Fakes & Forgeries - 1887 Victoria Jubilee Head Fake Half Sovereign
We illustrate and discuss forgeries of gold coins, including an 1887 Victoria Jubilee Head half sovereign, to help collectors & investors be alert.
Fakes abound in gold coins. There is obviously more profit and more reason to produce counterfeit gold coins than base metal ones.
We discuss and illustrate fake half sovereigns and other gold coins, mainly as a guide to identifying and avoiding them.
A number of euphemistic words are used to describe coins which are not genuine. Many of these are misleading, deceptive and dishonest.
A restrike is an officially produced coin, from the original or other official dies, often struck by the original mint, or other officially authorised mint. The word restrike is often used euphemistically when applied to fake or counterfeit coins. We have also seen modern replica fantasy coins described as restrikes. We do not agree with this practise, and believe it to be dishonest.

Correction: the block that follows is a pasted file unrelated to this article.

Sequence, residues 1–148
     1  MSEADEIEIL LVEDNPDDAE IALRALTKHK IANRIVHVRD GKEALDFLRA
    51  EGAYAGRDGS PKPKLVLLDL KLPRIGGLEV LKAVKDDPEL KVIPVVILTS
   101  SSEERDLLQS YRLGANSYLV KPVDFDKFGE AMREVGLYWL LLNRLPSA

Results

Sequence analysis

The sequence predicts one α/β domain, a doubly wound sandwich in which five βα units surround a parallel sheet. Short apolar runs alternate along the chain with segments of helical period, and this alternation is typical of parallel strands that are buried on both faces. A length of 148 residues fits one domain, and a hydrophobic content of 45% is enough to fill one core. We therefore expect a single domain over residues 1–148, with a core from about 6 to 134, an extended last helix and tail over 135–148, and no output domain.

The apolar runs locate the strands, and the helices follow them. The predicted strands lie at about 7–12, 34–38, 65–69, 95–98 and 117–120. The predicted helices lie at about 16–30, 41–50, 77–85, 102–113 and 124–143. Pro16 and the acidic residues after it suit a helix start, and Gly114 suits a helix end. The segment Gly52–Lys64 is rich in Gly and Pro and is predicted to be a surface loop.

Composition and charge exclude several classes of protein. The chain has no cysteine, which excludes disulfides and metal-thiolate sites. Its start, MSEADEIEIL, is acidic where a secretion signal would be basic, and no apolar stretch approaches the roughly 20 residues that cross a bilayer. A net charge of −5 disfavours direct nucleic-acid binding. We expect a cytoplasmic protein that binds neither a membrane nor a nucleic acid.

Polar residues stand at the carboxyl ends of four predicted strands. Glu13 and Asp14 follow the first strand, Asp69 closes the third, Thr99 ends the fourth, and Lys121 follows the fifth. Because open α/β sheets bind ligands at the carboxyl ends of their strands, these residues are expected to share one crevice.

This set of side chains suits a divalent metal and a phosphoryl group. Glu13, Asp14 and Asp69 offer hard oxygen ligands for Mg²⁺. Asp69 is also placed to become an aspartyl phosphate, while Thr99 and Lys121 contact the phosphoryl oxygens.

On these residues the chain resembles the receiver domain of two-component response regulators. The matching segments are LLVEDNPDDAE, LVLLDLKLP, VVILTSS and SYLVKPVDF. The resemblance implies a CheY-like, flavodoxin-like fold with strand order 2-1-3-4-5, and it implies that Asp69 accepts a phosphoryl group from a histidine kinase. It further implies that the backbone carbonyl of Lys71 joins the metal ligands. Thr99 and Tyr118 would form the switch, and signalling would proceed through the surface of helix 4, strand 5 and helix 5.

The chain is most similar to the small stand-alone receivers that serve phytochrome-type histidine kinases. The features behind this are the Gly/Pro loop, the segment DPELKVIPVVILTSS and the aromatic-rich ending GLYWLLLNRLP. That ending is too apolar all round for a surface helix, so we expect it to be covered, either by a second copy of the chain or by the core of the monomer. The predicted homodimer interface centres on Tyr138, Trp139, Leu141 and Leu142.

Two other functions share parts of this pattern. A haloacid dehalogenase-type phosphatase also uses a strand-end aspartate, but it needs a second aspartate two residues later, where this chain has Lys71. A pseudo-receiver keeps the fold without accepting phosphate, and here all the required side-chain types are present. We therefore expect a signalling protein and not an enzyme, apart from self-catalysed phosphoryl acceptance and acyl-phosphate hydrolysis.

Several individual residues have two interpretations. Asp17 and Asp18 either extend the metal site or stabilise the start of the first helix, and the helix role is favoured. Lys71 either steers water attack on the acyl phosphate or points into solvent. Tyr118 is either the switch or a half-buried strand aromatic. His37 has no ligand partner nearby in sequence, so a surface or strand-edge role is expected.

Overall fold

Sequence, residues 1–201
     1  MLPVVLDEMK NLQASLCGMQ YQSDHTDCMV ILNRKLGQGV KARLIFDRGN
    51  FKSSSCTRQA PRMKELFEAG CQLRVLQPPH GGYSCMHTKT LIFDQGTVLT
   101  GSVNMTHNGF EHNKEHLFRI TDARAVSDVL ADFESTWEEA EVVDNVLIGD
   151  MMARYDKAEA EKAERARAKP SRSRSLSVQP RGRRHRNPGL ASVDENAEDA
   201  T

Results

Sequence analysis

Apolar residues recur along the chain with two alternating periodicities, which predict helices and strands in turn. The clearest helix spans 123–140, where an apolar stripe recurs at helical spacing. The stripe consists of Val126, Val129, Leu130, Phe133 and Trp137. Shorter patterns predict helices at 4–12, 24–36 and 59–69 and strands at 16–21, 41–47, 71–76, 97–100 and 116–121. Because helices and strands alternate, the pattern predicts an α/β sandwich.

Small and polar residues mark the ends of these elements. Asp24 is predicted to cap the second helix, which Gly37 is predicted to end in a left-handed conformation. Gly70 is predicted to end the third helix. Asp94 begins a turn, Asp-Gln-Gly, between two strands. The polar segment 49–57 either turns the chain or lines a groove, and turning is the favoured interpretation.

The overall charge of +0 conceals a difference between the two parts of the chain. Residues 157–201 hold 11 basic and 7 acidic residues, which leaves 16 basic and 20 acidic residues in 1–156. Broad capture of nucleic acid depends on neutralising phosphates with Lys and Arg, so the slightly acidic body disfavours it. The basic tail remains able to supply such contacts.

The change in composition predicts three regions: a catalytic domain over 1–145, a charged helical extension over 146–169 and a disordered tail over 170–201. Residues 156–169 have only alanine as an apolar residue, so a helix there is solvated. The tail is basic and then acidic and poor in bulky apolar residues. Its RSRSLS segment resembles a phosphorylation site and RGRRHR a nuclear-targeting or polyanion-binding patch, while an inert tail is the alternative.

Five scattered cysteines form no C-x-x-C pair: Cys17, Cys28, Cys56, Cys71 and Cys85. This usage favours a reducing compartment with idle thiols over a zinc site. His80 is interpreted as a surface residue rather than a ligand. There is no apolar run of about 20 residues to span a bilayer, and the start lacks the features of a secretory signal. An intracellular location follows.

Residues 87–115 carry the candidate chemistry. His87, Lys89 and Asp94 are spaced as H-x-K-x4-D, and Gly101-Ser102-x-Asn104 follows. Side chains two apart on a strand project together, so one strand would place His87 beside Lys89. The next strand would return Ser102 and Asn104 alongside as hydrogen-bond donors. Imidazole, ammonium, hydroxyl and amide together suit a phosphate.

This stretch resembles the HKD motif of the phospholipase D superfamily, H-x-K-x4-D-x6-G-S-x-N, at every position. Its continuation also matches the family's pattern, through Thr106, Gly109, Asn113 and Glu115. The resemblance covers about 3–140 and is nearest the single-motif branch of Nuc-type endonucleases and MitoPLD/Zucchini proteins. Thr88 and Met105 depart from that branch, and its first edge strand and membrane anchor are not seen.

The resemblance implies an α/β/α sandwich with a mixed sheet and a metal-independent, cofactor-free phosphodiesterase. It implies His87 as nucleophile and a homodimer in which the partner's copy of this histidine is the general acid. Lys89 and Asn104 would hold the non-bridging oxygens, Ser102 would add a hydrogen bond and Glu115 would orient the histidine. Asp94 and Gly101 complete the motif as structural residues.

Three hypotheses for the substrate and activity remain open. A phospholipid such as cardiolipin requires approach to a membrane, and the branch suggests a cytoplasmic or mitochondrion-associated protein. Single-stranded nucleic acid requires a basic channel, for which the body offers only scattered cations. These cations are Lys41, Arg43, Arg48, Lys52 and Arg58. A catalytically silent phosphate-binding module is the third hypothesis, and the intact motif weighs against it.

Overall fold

1887 Victoria Jubilee Half Sovereign
Our photographs show both sides of an 1887 Jubilee Head half sovereign.
This coin could be very convincing, as there is good sharp detail on both sides, however, where there is slight wear or abrasion on some of the raised parts of the design, the colour of the metal is distinctly red, making it obvious that the yellow colour is gold plating, and calling for closer inspection.
The weight of this particular example is wrong at 3.5884 grams instead of 3.99 grams, a significant discrepancy.
Close inspection also reveals a flaw near the R and T of GRATIA, in the border to the right of the head. although it is possible to find striking flaws on genuine coins, this error should also alert buyers to look more closely.
More to Follow
We intend to add to, and link to, this page, with details of more fakes when we have time.
Obverse of Fake 1887 Victoria Jubilee Head Half Sovereign
Reverse of Fake 1887 Victoria Jubilee Head Half Sovereign